People with HIV/AIDS face a variety of legal problems related to their illness. The AIDS/HIV and Cancer Legal Project is the only law office in North Carolina devoted exclusively to issues important to people with HIV, including Social Security and private disability, permanency planning for children of HIV-infected parents, end-of-life planning, insurance, privacy and discrimination.
The AIDS/HIV and Cancer Legal Project has helped many clients gain some financial security and the peace of mind of knowing that their children have been planned for and end-of-life decisions have been made. We have helped clients fight overt discrimination. We have empowered HIV/AIDS clients and their caregivers by providing education on a statewide basis.
Our clients are among the neediest in North Carolina. All are poor, and many are very ill. They come from 52 North Carolina counties, including some of the most rural counties in the state. Most face a daunting array of challenges ranging from medical, to financial, to legal. For our clients, the obstacles to obtaining legal help are great. Illness, lack of financial resources (even for transportation), denial, and concerns about confidentiality make it difficult, if not impossible, for many indigent HIV-infected clients to seek legal help. The AIDS/HIV and Cancer Legal Project works closely with medical clinicians and social workers to help clients access our services. We work closely with the service providers to make sure that we understand and meet our clients' needs. We also know that our clients are facing a life-threatening disease and we make every effort to quickly provide the service needed. The service providers with whom we work have come to rely on the AIDS Legal Project for the legal services it provides.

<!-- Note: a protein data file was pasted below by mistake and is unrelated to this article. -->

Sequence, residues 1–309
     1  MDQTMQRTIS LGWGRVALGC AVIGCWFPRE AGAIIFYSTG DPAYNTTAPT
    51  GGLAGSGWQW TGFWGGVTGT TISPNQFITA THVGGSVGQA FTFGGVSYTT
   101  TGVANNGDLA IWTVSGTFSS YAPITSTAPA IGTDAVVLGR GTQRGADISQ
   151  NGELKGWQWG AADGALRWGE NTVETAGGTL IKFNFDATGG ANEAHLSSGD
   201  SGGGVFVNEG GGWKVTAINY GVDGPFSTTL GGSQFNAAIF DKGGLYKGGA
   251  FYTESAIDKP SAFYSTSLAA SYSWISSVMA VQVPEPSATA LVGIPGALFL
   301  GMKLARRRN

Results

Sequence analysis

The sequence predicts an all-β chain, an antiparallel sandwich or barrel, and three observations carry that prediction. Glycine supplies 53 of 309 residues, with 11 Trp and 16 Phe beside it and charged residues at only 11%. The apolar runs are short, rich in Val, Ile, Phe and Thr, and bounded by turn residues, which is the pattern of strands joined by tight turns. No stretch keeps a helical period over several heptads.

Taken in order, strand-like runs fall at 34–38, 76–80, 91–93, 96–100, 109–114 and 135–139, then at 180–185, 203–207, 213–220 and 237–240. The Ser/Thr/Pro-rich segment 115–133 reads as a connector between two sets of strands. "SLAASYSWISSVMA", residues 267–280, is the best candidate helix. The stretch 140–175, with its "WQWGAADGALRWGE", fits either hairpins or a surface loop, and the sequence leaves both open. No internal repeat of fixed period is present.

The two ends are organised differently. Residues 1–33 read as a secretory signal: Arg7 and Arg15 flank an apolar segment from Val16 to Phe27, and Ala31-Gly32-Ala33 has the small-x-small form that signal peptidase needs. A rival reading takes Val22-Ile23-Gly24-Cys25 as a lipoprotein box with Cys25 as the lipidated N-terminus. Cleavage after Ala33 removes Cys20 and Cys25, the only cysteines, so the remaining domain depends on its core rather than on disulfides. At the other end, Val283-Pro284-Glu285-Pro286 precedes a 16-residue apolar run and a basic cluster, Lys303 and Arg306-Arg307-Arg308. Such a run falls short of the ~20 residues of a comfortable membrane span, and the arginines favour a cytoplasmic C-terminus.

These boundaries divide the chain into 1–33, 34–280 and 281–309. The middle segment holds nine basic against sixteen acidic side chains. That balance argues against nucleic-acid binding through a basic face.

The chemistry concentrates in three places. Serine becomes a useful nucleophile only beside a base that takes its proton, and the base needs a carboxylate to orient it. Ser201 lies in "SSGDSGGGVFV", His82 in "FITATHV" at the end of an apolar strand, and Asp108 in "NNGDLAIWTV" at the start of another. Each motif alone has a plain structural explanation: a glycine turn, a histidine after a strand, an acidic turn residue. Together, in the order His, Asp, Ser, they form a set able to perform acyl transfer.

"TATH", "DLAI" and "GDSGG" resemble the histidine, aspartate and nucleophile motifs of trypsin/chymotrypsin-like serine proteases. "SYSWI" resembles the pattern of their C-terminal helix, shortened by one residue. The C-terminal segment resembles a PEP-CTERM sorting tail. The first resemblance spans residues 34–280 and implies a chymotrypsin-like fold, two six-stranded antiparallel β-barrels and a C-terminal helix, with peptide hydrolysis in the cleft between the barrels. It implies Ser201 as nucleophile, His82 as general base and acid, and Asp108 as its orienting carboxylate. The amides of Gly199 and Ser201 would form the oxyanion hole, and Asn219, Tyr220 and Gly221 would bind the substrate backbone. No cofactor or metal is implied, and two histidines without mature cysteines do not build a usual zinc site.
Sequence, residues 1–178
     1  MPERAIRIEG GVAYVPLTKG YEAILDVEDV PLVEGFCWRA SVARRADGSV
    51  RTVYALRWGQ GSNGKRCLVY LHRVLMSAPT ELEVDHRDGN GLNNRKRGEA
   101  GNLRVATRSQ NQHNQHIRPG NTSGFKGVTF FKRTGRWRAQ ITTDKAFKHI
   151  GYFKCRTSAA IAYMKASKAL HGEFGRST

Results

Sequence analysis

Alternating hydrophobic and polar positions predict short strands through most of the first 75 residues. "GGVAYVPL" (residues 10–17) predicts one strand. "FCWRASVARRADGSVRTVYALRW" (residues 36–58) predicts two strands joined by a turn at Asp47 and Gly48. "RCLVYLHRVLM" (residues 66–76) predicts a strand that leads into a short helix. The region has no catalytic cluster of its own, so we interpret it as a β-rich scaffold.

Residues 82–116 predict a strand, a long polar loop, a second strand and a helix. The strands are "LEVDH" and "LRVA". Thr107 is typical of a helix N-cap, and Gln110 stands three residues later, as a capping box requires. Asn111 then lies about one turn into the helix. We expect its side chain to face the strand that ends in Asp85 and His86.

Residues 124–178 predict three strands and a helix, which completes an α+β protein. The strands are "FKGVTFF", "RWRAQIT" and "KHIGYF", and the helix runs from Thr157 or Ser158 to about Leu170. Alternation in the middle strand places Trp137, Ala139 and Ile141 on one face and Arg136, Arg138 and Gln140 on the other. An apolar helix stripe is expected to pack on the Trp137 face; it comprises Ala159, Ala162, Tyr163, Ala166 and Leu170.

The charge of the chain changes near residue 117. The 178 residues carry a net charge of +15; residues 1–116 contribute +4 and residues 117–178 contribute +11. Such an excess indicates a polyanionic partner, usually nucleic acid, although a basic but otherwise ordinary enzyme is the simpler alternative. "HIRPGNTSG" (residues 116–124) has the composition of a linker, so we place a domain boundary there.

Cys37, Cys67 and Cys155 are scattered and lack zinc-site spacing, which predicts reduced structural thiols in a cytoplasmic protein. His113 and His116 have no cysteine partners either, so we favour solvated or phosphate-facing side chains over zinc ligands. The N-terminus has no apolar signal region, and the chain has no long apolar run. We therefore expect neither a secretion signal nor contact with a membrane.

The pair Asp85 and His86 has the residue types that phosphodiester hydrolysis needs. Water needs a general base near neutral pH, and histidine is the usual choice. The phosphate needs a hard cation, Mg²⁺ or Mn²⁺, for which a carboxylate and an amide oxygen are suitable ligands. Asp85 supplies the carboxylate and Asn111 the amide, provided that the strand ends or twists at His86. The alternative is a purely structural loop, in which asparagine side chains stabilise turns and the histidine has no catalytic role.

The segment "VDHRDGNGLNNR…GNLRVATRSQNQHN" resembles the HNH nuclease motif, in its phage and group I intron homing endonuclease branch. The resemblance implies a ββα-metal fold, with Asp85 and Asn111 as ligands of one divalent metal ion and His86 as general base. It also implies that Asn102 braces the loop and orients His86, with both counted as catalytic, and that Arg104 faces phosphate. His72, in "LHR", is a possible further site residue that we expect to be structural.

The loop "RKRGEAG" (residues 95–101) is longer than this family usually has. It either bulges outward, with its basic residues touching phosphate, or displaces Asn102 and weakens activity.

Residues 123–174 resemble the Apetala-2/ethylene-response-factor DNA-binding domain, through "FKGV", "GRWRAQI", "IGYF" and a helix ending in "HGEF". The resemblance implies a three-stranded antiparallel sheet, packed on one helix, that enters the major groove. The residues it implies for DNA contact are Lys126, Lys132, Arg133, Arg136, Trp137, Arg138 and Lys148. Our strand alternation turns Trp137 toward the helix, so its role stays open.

All services are free and students’ rewards are substantial. They gain valuable practical experience and legal knowledge, while at the same time making important contributions to the community and to their clients. Moreover, they are sensitized to the needs of poor people, people with HIV/AIDS, women and children, and people of color. Many students count their clinic experience as the most educational and meaningful of their law school career.